Hamilton v. Jefferson Meets a Misguided Ron Paul ~ The Risk Averse Alert

Saturday, August 13, 2011

Hamilton v. Jefferson Meets a Misguided Ron Paul

One of my favorite philosophical questions is, "If a tree falls in the woods and there is no one there to hear it, does it make any noise?" The answer, of course, is no. What are trees, woods, hearing and noise but ideas created by man? Without man these ideas do not exist.

Alright, now here's a kicker. If a tree falls in the woods and there is but one person there to hear it, does it make any noise?" Again, the answer is no. What good is any idea without someone with whom the power of its truth can be shared and leveraged?

The same for noise from falling trees goes for God, and here too the idea's power is in its being shared among humanity that its truth be duly leveraged, that mankind's posterity — its highest natural potential — foremost be elevated.

Mankind's posterity is a consideration of utmost supremacy no matter what set of earthly ideas one might take into account.

Pity our time is one in which mystical formulations said to give money its value are being elevated above thoughtful consideration of money's ultimate, lawful service to mankind's posterity...

Aside from easily refuted historical distortions in the above presentation, let me just say that, Alexander Hamilton as the nation's first Treasury Secretary buried then Secretary of State Thomas Jefferson's objection to a National Bank with his 1791 Opinion as to the Constitutionality of the Bank of the United States.

The critical distinction between the defunct Bank of the United States and the present Federal Reserve System is that the former represents a constitutional credit system operating through a public corporation giving Congress direct power to finance investments serving the nation's posterity, whereas the latter foremost attempts to unhinge Congress' power over finance aiding its service to the national interest, instead fostering private interests, and this even at the expense of the national interest.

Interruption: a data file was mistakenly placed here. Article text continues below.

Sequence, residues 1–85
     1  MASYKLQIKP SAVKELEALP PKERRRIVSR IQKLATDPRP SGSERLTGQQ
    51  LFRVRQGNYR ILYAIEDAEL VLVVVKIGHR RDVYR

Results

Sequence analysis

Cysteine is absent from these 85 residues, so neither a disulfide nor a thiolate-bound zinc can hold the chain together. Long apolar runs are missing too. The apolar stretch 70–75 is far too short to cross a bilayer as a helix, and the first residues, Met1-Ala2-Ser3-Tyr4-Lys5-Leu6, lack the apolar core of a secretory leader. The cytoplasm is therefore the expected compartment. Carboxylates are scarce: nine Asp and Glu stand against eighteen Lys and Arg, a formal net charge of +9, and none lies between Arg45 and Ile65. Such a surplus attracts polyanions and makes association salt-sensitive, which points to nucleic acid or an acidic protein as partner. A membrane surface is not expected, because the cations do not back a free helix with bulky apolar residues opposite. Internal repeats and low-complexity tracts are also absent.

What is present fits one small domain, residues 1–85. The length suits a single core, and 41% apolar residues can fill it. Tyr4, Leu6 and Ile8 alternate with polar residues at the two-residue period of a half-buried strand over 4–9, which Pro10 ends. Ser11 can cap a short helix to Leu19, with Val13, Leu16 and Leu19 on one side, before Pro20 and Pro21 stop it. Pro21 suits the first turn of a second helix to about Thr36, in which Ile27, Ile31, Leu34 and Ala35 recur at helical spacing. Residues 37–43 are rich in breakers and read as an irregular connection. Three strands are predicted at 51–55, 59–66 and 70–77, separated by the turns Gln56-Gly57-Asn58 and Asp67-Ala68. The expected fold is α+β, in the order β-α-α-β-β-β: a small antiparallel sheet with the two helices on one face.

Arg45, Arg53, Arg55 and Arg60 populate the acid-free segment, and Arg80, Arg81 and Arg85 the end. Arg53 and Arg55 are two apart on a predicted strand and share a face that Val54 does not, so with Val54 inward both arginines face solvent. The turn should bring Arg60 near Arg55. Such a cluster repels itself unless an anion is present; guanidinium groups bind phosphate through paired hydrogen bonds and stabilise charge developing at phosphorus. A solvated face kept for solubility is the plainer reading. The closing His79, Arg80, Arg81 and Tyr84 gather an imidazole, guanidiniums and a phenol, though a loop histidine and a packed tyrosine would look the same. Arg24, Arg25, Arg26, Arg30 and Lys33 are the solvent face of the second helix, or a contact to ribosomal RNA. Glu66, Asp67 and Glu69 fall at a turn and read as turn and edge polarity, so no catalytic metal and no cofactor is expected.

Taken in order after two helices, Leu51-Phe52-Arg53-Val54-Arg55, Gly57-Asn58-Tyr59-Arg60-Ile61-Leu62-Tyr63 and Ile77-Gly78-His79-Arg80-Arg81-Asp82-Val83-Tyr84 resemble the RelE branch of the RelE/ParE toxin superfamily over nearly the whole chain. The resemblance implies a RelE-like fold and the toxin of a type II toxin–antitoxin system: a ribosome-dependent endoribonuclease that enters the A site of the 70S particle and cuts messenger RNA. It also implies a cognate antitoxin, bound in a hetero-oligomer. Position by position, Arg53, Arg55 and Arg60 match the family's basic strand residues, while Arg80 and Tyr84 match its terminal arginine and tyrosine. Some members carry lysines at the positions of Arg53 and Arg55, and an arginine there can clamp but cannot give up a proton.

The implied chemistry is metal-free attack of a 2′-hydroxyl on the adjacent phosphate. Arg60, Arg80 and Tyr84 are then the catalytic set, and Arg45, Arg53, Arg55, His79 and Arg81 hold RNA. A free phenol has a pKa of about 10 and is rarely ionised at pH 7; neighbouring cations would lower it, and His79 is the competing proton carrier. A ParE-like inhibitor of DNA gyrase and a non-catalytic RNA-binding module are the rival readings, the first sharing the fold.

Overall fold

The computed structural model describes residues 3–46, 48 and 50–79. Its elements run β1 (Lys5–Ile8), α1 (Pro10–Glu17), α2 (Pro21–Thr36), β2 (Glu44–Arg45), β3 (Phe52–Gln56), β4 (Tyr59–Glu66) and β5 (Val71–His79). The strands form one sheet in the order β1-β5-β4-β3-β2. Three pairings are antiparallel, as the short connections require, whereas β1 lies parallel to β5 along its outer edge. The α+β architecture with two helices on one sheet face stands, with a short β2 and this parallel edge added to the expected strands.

What is the national interest? Read the U.S. Constitution's Preamble. In one eloquent sentence the national interest is clearly stated with utmost intention to elevate mankind's posterity. Thus does Hamilton's conception of a national bank in fact offer a superior formulation for a banking system capable of serving such classical humanist purpose necessitating a constitution at all.

Herein, then, is the battle line drawn in truth regarding banking in the United States. The above video's distortions purposely denigrating power over finance possessed by the people of the United States through its federal government is nothing but an attack on our constitutional republic masked by a heaping helping of populist mumbo jumbo that these days finds the likes of Ron Paul championing to a receptive (albeit poorly informed) American audience.

So, for truth's sake does the following recitation of American history set the record straight...

I'm not about to suggest the populism of Texas Congressman Ron Paul represents the sort of seditious threat President Monroe is reported to have feared. The bankruptcy of monetarist ideas spurring the likes of a Ron Paul without doubt have the globe on a fast track to the greatest economic collapse humanity has ever endured. The trans-Atlantic arrangement fostered following the U.S.A.'s August 1971 surrender of sovereign control over its currency is on the verge of imploding. Be it by the banking system's hyperinflationary blowout or deflationary collapse, physical urgency about to be raised among countless millions is likely to relegate Ron Paul a rather obscure and irrelevant figure whose "understanding" of money devoid of its lawful purpose in elevating mankind's posterity already today can be respectfully judged misguided.